Are you considering an abortion?
Are you planning on having an abortion? If so, we think you’ll want some additional information. Before making any decision, you need to be fully informed. Your abortion options vary based on the date of conception. Pregnancy consists of 3-month sections or “trimesters.” The type of abortion you have is determined by how far along you are in your pregnancy. What trimester you’re in determines the procedure. You’ll find this out from your ultrasound.
Abortion in the first three months
The first three months (first trimester) of pregnancy is when most abortions occur. The first trimester starts the first day of your last period and lasts through the end of week 12. As you can see, it’s vitally important to know how far along you are…
Medical Abortion – The “Abortion Pill”
Medical abortion commonly referred to as the “abortion pill” is FDA approved up to ten weeks after the first day of your last period. The doctor typically prescribes two medications in pill form. You may take the first drug, mifepristone (Mifeprex), in the abortion clinic. The second drug, misoprostol (Cytotec), is often taken at home. The two medicines combined cause your uterus to contract to push out the pregnancy tissue. They block the hormone progesterone. Without progesterone, the lining of the uterus breaks down, and the pregnancy cannot continue.
You may need to avoid this type of abortion if:
- You have an ectopic pregnancy (where the pregnancy implants outside of your uterus) determined by an ultrasound.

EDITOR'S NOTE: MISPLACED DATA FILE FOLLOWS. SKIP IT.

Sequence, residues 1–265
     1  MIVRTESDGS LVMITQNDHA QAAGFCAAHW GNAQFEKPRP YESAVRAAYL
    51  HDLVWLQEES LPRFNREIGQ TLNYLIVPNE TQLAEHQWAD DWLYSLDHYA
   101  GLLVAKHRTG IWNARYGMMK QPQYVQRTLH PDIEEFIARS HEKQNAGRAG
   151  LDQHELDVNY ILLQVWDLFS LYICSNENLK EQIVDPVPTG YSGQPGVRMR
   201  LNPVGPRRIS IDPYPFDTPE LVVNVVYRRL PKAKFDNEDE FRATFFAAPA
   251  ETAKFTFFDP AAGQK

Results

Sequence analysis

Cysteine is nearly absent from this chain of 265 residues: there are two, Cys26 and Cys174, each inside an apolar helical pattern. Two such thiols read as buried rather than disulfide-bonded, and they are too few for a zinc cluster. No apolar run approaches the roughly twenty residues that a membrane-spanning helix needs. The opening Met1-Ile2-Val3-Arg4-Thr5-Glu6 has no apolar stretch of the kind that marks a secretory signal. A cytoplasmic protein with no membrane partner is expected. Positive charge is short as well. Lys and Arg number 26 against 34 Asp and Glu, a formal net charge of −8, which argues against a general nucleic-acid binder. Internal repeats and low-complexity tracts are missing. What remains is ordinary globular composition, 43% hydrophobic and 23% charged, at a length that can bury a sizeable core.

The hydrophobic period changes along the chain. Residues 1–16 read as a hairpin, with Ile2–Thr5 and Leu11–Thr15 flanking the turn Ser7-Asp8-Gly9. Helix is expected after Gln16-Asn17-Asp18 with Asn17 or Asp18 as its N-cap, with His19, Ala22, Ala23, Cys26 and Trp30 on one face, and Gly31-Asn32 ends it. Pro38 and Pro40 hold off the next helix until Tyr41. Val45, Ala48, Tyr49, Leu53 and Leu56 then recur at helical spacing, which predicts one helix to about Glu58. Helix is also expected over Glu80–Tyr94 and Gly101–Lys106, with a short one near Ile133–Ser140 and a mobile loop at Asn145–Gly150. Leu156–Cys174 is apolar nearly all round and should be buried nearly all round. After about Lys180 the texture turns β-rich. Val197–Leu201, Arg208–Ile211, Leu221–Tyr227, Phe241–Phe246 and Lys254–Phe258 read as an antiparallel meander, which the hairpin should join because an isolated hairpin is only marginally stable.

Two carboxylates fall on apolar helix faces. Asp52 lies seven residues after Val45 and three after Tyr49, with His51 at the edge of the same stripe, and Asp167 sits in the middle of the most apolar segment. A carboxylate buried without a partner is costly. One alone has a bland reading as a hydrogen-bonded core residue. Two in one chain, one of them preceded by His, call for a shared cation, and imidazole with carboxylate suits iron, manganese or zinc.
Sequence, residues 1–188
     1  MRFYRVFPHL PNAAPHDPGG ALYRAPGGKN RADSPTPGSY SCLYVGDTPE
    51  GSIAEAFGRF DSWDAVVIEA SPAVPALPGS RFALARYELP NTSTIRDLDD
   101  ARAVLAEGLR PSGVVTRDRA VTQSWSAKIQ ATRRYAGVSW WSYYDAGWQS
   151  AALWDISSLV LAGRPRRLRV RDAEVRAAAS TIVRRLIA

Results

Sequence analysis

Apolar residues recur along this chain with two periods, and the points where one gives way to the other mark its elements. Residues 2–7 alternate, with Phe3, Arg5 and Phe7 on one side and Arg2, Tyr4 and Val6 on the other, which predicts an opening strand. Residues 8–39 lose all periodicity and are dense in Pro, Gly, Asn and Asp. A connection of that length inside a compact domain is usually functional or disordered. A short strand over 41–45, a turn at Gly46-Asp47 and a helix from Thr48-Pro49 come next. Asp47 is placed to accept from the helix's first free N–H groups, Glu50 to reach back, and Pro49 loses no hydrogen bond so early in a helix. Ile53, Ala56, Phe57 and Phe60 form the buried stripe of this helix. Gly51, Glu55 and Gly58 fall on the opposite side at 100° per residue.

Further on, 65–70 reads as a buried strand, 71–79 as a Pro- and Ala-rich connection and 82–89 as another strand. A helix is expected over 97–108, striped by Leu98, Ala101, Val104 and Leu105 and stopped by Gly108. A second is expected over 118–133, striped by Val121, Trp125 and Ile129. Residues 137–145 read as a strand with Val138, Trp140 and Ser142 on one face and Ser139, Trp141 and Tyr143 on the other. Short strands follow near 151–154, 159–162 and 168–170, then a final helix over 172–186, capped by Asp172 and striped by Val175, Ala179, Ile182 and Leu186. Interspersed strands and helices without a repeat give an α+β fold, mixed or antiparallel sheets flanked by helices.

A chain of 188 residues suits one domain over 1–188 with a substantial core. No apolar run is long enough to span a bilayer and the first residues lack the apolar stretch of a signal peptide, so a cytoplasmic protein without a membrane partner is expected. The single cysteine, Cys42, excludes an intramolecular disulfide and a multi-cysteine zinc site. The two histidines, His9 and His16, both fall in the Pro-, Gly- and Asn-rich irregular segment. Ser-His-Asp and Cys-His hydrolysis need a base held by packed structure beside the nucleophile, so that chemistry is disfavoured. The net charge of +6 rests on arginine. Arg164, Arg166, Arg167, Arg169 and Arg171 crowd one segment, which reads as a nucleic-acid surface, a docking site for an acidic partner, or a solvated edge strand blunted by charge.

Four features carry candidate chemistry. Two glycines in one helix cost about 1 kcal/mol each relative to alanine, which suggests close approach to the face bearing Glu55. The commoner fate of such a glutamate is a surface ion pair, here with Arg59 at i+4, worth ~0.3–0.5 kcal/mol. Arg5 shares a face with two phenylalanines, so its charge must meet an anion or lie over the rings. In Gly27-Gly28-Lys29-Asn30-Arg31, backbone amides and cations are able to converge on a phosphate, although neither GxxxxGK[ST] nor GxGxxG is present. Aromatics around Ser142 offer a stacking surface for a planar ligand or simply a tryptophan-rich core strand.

- You’re allergic to mifepristone or misoprostol
- You have a bleeding disorder or a blood clotting problem
- You have an IUD (intrauterine device)
- Other issues
Some common side effects include bleeding, cramping, nausea, and possible dizziness.
The abortion procedure done during very early pregnancy (4 to 7 weeks after the first day of your last menstrual period) is referred to as vacuum aspiration. For this procedure, a long thin tube is inserted through the cervix and into the uterus. Once this tube is inserted, a manual suction device or a suction machine is used to vacuum the pregnancy out of the uterus.
Dilation and Curettage (D&C)
Dilation and curettage is an abortion procedure that occurs between 7 and 13 weeks after the first day of your last period. This is very similar to vacuum aspiration.
First, metal dilators are used to stretch the cervix open. Once that is complete, vacuum aspiration is used to suction the contents of the uterus out. Next, a curette, which is a loop-shaped tool, is used to break up fetal tissue and scrape the walls of the uterus. Once again, you may experience cramping, bleeding, nausea, and possible dizziness.
You may need to avoid surgical abortions if you have:
- Blood clotting issues
- A pelvic infection
- An abnormally shaped uterus
- Other serious health problems
Abortion after three months
Surgical Abortion – Dilation and evacuation (D&E)
Once past the first trimester, surgical abortions are more complex and also carry more risk. From 13 to 24 weeks after the last menstrual period, a procedure called dilation and evacuation is used to complete an abortion. The entire process takes place over two days. This procedure involves a combination of vacuum aspiration, forceps, and dilation and curettage. The D&E begins with the doctor dilating (or widening) your cervix for the pregnancy to move through.
Once fully dilated, the doctor uses forceps to remove the pregnancy and placenta. Then, a tube is inserted to suction out the contents of the uterus. Finally, a loop-shaped tool called a curette scrapes out the uterine lining. Some women report the procedure to be rather painful. Common side effects are bleeding, cramping, and nausea.
Make an informed choice
No matter what decision you make regarding your pregnancy, it has the potential to change your life in many ways. Dealing with an unexpected pregnancy can be overwhelming, but you’re strong. You know that when you have all of the facts, you’re able to choose what’s best.
Before making your choice, we invite you to look at all of your options.
Contact us to learn more.